New Hampshire Bill for Ranked Choice Voting

New Hampshire Representative Ellen Read (D-Newmarket) has introduced HB 1540 into the upcoming 2018 legislative session. See this story. The bill has co-sponsors from more than one party. Thanks to Electionline for the link.


New Hampshire Bill for Ranked Choice Voting — 9 Comments

  1. Would make more sense to either use single-transferable for the multi-member districts or transfer votes until there’s n number of candidates left to fill n number of seats; effectively a single non-transferable vote (which is basically what they use now) with instant run-off being used to remove the poorest performers.

  2. Abolish multi-member gerrymander districts – one more corrupt device to crush 49.99999 percent minorities — even worse than single member gerrymander districts.

    PR and AppV

  3. Demo Rep…. Multi-member districts using single non-transferable, or single-transferable are semi-proportional (using non-transferable), or proportional (using transferable). The only difference is you vote for actual candidates instead of a party.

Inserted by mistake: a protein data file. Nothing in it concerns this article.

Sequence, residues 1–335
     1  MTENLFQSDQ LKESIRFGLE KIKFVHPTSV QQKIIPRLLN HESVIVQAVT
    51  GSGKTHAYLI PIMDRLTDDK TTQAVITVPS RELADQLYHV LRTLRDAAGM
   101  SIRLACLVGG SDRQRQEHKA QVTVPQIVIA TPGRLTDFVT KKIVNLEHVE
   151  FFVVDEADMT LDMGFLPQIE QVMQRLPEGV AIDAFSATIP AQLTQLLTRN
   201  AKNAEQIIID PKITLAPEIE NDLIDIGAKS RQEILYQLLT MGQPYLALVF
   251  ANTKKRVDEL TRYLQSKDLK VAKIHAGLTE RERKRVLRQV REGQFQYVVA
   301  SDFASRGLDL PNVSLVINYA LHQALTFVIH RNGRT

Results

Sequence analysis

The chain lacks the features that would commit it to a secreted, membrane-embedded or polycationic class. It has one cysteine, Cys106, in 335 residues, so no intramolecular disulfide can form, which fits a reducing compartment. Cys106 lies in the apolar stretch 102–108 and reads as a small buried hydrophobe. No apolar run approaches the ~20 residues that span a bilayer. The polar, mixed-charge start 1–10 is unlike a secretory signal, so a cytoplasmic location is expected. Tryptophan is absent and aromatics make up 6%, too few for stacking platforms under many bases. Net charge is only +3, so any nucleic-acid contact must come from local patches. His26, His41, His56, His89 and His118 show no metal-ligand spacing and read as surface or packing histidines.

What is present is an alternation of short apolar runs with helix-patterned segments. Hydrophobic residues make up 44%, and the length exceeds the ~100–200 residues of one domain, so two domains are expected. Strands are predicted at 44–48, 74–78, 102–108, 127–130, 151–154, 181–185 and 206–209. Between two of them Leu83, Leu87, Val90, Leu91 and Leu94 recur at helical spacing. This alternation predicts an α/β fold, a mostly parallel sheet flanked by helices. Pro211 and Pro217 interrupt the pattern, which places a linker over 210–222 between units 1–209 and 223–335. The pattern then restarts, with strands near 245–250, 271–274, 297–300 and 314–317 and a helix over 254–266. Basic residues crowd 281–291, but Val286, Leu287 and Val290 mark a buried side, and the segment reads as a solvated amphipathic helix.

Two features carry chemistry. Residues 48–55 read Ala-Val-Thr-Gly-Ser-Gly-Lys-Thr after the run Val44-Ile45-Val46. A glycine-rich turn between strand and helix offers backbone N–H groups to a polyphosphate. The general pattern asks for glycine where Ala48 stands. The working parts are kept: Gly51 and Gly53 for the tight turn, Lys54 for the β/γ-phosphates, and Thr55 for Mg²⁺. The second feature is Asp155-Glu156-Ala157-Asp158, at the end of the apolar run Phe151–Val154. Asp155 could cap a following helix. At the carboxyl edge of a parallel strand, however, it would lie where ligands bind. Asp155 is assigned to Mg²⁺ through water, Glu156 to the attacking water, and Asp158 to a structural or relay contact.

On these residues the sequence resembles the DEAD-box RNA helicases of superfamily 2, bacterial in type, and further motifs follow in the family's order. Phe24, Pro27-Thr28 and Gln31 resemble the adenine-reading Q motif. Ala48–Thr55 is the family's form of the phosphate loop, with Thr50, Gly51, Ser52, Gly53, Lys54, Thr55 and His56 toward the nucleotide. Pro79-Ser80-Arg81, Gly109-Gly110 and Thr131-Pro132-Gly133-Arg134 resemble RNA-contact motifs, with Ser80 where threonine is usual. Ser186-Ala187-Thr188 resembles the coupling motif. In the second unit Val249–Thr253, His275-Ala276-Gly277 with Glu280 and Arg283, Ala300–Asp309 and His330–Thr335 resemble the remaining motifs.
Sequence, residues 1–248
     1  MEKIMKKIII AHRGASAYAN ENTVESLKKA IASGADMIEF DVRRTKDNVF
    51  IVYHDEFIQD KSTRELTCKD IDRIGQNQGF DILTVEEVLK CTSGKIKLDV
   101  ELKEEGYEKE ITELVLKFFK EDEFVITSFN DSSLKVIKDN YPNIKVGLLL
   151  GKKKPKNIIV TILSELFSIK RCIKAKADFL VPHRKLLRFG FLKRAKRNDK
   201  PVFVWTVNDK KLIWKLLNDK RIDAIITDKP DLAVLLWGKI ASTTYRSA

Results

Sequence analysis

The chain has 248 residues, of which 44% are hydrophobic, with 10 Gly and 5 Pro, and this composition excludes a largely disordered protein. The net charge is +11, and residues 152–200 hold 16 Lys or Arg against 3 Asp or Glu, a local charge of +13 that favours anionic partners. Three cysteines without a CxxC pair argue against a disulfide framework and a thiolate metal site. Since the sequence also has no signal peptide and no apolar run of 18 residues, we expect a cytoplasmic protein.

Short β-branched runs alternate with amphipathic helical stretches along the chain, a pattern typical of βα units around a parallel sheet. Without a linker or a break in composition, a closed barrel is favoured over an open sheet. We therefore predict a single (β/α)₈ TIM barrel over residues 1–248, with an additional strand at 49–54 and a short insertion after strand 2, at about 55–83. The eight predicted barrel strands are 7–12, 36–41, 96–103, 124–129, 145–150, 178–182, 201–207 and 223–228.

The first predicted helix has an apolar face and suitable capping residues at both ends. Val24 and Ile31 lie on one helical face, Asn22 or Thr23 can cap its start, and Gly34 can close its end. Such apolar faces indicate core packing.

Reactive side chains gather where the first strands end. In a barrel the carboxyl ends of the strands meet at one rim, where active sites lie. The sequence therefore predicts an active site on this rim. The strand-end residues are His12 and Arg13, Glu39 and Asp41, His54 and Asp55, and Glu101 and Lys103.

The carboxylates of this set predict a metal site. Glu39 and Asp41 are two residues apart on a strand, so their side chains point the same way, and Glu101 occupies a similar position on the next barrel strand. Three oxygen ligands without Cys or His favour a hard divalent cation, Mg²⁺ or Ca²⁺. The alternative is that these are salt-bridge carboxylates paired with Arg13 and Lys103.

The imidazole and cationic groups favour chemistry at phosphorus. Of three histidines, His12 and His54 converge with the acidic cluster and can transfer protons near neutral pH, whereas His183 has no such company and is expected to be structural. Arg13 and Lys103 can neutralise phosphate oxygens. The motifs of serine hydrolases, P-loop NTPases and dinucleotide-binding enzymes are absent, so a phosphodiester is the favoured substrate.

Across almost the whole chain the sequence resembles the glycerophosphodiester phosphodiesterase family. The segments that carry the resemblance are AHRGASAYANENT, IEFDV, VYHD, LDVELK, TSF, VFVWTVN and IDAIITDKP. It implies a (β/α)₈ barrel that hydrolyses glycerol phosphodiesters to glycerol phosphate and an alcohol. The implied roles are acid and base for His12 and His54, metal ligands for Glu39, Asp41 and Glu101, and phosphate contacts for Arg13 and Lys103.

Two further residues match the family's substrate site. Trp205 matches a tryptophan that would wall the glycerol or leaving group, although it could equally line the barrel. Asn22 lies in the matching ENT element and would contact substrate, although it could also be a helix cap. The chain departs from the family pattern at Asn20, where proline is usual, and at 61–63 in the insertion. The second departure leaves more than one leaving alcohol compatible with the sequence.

So do you want to keep proving how clueless you are, or are you going to shut up now?

  4. AJ — The usual multi-member district elects 2 or more *at large* in the district —

    ie top N.

    vote for N at most, top N get elected — as in many townships and smaller villages and cities.

    Other clueless folks can shut up.

    PR and AppV

  5. 1784 NH Constitution, as amended – parts — notes omitted except for Art. 11.

    [Art.] 9. [Representatives Elected Every Second Year; Apportionment of Representatives.] There shall be in the legislature of this state a house of representatives, biennially elected and founded on principles of equality, and representation therein shall be as equal as circumstances will admit. The whole number of representatives to be chosen from the towns, wards, places, and representative districts thereof established hereunder, shall be not less than three hundred seventy-five or more than four hundred. As soon as possible after the convening of the next regular session of the legislature, and at the session in 1971, and every ten years thereafter, the legislature shall make an apportionment of representatives according to the last general census of the inhabitants of the state taken by authority of the United States or of this state. In making such apportionment, no town, ward or place shall be divided nor the boundaries thereof altered.